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kellyanne conway. i asked her about whether or not the president could commit to a deal. she said at that time, they were unable to commit. they had concerns about veterans, but clearly the president getting those deals hammered out. as we move forward, this is no small feat. this deal, should ultimately be signed by president trump, we won't have a debt ceiling until after, after the next presidential election. paul: it was a classic compromise in many ways. everybody walked away a little unhappy. did not have to give up a lot. kevin: i totally agree with that. if you talk to republicans, they will say that they wanted more savings, that they only got half of the savings they would have liked to have seen in terms of government -- in terms of coding government spent -- cutting government spending. democrats will say there was not enough spending. ultimately, $17 billion worth of additional defense spending
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allocated for the next calendar year and -- compared with 2019 levels. there is a little bit for everybody and also a little bit for everybody to be unhappy about. but they got a deal and it is a two-year deal. that means if all goes according to plan, which we all know anything could happen at any second or any tweet, but if all goes according to august recess. paul: bloomberg washington correspondent kevin cirilli, thank you for joining us. tension remains high in the gulf with iran saying it will execute a group of alleged cia trained spies.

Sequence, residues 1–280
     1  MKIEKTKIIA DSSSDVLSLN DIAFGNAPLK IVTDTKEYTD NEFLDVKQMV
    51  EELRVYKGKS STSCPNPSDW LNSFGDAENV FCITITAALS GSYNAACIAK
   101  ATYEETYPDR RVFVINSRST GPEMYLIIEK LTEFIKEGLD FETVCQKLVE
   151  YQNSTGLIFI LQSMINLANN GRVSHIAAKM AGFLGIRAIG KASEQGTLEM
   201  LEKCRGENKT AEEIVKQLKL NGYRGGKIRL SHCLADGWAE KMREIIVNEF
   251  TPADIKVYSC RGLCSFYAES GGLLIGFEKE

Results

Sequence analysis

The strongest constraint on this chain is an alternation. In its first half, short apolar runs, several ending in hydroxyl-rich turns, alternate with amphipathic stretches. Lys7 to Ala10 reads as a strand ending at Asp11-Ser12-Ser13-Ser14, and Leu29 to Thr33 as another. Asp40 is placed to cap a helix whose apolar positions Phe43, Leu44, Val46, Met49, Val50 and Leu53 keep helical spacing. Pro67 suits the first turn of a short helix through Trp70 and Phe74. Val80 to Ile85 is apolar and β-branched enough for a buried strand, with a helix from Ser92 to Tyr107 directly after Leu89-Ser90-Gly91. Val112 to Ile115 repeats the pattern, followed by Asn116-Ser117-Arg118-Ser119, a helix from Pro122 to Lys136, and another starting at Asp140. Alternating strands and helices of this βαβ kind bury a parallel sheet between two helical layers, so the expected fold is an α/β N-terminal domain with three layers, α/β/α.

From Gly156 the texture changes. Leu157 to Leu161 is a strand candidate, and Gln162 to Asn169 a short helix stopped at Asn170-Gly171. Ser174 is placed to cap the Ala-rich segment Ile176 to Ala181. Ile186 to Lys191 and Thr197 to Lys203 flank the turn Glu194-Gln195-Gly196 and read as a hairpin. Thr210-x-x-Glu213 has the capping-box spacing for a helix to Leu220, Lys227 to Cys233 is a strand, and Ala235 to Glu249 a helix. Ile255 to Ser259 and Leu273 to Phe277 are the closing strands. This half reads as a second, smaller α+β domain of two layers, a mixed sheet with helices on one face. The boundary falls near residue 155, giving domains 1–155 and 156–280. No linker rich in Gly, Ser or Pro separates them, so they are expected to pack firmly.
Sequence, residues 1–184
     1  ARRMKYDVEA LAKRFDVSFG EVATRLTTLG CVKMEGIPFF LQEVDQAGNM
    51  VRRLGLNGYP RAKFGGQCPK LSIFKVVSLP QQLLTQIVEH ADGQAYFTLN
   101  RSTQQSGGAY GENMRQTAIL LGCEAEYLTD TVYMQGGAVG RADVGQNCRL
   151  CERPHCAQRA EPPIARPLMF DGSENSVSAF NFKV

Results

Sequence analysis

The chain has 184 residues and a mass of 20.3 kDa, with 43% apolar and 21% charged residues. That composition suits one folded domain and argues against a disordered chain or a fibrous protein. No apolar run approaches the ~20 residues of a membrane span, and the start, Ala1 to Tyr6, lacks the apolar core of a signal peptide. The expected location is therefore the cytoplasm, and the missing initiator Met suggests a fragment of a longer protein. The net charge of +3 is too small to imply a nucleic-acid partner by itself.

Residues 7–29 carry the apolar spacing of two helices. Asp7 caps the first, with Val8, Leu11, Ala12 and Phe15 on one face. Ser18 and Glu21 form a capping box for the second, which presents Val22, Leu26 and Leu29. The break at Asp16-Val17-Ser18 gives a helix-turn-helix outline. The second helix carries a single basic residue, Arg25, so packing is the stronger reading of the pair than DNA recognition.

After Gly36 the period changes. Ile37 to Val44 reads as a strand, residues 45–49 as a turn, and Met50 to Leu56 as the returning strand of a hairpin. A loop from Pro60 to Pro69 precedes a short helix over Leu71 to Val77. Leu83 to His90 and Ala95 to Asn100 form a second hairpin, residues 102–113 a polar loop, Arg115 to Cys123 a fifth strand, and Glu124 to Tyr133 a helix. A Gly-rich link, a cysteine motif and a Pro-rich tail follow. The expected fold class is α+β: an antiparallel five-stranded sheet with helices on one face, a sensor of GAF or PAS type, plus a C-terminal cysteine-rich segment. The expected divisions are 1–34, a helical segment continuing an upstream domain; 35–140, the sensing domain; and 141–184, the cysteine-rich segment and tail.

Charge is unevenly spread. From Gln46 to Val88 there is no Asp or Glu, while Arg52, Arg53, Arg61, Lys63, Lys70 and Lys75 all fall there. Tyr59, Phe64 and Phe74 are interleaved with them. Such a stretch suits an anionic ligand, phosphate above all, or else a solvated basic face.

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president trump says the news from tehran is totally false and the iranian regime was failing. we get a closer look at this with a national security team, bill. what is the latest here? bill: it is hard to believe a week ago we were talking about the possibility of some kind of diplomatic breakthrough between the u.s. and iran with both sides feeling their way towards potential compromise. that has gone down the tubes in the last four to five days now. you have the iranians announcing this apparent death sentence on 17 people it says were involved in a cia spy ring. you have u.k.'s national security cabinet meeting to debate the latest about that british tanker that was seized on friday. we've gone from a very cautious optimism, about a week or 10 wherego, to this period it seems like every 24 to 36 hours, there is a new ratcheting up of tensions. things really at this point do not look very positive. we do know that iran's deputy prime minister is heading to france on what seems to be some sort of diplomatic mission, so we will look for any developments that might help ease tensions in the coming day or so. shery: at least when it comes to tensions between the u.s. and china, they seem to be dying down.